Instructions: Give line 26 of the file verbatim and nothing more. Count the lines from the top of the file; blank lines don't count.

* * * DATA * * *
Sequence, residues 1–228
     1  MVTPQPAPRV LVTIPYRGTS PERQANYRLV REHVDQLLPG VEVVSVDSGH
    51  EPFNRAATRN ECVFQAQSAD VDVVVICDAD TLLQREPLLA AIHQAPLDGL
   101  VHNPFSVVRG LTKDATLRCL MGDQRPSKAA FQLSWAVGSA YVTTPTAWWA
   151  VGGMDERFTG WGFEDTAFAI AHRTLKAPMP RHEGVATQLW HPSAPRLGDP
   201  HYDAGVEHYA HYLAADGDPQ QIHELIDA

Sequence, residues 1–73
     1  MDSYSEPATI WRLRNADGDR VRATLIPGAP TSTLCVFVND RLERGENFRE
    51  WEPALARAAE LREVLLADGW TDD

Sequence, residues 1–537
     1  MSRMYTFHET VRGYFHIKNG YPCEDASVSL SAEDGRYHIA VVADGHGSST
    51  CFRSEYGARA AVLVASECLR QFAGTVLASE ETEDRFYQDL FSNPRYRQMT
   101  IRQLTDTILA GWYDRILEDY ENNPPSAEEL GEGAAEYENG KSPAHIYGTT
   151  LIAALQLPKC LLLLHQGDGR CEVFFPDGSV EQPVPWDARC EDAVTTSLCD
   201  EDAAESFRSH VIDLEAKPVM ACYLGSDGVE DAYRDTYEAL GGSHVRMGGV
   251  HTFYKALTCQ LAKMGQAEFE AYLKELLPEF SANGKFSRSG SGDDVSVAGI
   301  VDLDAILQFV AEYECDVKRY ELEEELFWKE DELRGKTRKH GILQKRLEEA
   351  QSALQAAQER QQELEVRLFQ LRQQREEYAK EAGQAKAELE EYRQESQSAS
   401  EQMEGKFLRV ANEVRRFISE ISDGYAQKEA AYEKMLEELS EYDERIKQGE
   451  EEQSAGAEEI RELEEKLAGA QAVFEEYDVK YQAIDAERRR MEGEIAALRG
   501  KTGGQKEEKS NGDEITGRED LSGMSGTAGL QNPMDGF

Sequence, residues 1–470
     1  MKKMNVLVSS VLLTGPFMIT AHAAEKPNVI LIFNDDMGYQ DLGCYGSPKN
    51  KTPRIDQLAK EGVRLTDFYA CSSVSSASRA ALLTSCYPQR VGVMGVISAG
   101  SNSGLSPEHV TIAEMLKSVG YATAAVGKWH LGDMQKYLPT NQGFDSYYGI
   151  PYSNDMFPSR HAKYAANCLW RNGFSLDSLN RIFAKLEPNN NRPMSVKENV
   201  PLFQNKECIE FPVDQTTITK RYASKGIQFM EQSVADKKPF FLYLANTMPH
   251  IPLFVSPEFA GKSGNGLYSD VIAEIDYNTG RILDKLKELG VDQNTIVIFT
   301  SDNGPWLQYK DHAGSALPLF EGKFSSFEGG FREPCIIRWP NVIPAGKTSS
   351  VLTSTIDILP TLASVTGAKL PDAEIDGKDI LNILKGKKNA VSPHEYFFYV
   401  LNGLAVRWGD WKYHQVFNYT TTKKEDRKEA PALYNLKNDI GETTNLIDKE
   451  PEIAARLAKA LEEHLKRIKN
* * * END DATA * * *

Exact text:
   151  PYSNDMFPSR HAKYAANCLW RNGFSLDSLN RIFAKLEPNN NRPMSVKENV